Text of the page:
Thursday, 25 September 2014

1000 Flowers for the Planet - #308 Keep Calm and Carry On

1000 Flowers for the Planet - #308 Keep Calm and Carry On


I love this slogan and wanted to include it in my 1000 Flowers for the Planet project as an inspirational idea for all to enjoy. The slogan was invented by the British government in 1939 as a propaganda poster to inspire their nation during the impending war (World War II), but was never actually distributed. Eventually the poster was ‘discovered’ in the year 2000 and has since been an inspiration in modern times. With so much happening around the world (yet again), the idea of keeping calm and carrying on is an excellent one and I hope it inspires you when things seem tough. There’s a lot to be changed in this world of ours, from avoiding wars, to environmental issues, to learning tolerance, so as we aim for all of this and more, let’s -
Keep Calm and Carry On

Wednesday, 24 September 2014

1000 Flowers for the Planet - #307 Bake Your Own Bread

1000 Flowers for the Planet - #307 Bake Your Own Bread


Perhaps the first question that would come to mind when suggesting baking your own bread would be the cost factor. There are many variables to costing a loaf of home-made bread, from the number and quality of the ingredients to the amount of power/energy used to bake the loaf. However, in general, a home baked loaf of bread will cost less than a store bought loaf. So there’s the first benefit. Further benefits are the joy of producing something yourself – some people even become avid hobby bakers – and making something your family will enjoy. Home baked bread can be adjusted to suit your diet by changing the flour used, or adding seeds and other healthy ingredients. Many people love the smell of freshly baked bread – it’s a homely smelly and incites memories of childhood and being comfy and secure.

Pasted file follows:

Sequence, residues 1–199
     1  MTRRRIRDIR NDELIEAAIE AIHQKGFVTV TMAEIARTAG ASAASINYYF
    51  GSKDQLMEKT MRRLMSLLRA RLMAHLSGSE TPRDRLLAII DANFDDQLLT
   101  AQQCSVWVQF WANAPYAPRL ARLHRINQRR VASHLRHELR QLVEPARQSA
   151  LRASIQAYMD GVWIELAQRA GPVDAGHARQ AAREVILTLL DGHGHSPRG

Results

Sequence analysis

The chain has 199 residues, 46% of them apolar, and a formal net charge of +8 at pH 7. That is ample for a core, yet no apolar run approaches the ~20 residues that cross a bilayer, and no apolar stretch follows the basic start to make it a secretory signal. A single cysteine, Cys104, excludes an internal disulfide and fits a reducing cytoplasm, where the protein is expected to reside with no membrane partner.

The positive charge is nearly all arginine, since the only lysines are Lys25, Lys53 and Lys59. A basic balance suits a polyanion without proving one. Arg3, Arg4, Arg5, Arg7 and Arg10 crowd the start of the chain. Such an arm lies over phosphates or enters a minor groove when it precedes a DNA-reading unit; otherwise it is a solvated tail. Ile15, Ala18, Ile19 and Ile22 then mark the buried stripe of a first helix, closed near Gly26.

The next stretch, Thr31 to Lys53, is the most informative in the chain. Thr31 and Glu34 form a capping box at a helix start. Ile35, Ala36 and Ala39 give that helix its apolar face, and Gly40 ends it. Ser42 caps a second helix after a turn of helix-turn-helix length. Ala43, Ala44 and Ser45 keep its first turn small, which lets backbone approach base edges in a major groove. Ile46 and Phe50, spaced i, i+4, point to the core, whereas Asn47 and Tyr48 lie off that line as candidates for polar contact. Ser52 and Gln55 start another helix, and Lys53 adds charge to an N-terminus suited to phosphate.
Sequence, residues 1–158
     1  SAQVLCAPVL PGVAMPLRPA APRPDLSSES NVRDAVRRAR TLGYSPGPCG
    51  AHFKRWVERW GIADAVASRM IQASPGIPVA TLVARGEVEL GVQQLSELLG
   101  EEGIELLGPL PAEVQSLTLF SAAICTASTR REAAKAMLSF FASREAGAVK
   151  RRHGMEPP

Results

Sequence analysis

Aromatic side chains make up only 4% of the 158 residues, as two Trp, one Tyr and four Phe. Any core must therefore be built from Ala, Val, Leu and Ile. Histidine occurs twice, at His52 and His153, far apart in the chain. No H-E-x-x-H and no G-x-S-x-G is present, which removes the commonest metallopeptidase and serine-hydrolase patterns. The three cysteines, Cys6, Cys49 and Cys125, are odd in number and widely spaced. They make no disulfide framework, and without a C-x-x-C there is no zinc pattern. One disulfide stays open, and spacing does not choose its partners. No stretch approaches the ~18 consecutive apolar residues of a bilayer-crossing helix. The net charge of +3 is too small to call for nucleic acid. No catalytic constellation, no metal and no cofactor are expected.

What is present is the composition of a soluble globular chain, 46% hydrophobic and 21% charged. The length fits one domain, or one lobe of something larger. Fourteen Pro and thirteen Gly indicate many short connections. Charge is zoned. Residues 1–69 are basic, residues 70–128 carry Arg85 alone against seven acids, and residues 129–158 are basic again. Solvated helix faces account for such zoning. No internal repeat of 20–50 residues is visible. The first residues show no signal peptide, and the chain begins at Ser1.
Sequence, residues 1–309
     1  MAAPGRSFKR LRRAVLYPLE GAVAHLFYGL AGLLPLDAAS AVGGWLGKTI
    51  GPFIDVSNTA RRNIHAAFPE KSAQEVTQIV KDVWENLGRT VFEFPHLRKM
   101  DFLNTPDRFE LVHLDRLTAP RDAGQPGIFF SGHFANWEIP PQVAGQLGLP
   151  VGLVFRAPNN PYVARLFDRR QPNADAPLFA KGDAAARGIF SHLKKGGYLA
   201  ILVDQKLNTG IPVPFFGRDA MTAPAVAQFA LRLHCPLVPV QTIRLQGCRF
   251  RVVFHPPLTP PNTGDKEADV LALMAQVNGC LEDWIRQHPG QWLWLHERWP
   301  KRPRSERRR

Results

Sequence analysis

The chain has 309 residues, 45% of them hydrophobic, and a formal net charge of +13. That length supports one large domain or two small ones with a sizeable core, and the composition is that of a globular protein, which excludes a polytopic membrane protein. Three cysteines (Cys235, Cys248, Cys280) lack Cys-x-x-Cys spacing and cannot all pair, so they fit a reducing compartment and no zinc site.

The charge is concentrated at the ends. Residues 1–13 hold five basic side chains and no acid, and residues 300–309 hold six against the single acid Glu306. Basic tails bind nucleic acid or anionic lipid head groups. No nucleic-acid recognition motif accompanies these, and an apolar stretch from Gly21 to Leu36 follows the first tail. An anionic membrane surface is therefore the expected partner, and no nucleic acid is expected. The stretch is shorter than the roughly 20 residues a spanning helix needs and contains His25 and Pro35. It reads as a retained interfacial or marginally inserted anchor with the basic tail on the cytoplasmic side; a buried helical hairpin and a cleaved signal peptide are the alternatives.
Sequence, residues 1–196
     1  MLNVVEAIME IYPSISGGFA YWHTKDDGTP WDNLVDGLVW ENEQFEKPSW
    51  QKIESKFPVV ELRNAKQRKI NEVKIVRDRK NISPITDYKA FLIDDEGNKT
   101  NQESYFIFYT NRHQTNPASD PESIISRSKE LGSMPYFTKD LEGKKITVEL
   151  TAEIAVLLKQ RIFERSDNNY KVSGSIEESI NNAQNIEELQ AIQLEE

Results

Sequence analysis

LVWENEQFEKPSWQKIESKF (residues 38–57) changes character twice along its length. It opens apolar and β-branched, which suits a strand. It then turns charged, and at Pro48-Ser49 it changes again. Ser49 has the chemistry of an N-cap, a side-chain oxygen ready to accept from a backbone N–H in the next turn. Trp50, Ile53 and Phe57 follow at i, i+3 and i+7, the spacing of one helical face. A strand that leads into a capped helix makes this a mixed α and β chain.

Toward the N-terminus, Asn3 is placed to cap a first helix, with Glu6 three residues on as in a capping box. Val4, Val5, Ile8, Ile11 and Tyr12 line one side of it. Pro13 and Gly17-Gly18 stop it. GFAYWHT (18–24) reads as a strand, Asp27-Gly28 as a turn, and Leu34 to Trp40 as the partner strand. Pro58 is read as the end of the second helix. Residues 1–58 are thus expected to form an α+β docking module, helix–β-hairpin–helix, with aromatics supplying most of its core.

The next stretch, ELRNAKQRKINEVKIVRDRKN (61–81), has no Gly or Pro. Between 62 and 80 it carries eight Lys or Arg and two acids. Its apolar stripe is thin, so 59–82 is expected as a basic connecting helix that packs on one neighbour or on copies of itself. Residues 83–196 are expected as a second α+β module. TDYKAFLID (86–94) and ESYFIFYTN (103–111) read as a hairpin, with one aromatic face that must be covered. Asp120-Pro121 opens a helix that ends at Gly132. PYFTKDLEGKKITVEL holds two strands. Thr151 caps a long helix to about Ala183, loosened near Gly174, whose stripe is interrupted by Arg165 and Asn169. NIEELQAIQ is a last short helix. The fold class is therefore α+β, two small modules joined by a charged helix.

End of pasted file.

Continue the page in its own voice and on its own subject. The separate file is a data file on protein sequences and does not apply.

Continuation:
If you bake your own bread, the planet will benefit too. Firstly, you won’t be bringing plastic bags into your home, which then need disposing of, hopefully through a recycling program, but that uses even more energy in the recycling process, a cost that needs to be added to the initial energy usage of baking the store bread in the first place. The bread also comes with one of those annoying plastic tags used to hold the plastic bag shut. If these end up in landfill, as so many of them do, they become those tiny pieces of plastic that end up in birds’ stomachs. They are responsible for contributing to the death of animals and bird life. If we can avoid them altogether it is better for fauna everywhere.
When we bake for ourselves we appreciate the time and effort that goes into preparing our food, and therefore the value of that food is increased and the food is eaten more responsibly. No one wants to make a loaf of bread only to throw it in the compost when it’s gone mouldy.
Baking bread reduces food waste, produces a healthier product, saves money, protects fauna and water systems, and brings less plastic into our homes.

Tuesday, 23 September 2014

1000 Flowers for the Planet - #306 LOOK at What's Going on Around You

1000 Flowers for the Planet - #306 LOOK at What's Going on Around You


Look! Notice the planet. See what is happening around you, be aware of what is going on, notice what needs to be changed and seek ways to do things differently.
Take a look at what is happening in your own small world. Do you pay attention to how much rubbish/trash you are throwing away? Do you think about your purchases and where they will end up – do you see them as permanent or landfill? Take a look at what’s happening in your community. Do you like what you see? Is there something that needs your action? Take a look at your country and how it is dealing with political, social, environmental, moral and ethical issues. Do you agree? Are there any actions you should be taking?
Take a look at the planet. What do you see? Is it in good shape? How are you contributing to the health of the planet? Are you mindlessly polluting it or mindfully helping to clean it up? You won’t know the answers to these questions unless you first LOOK – then you might comprehend better.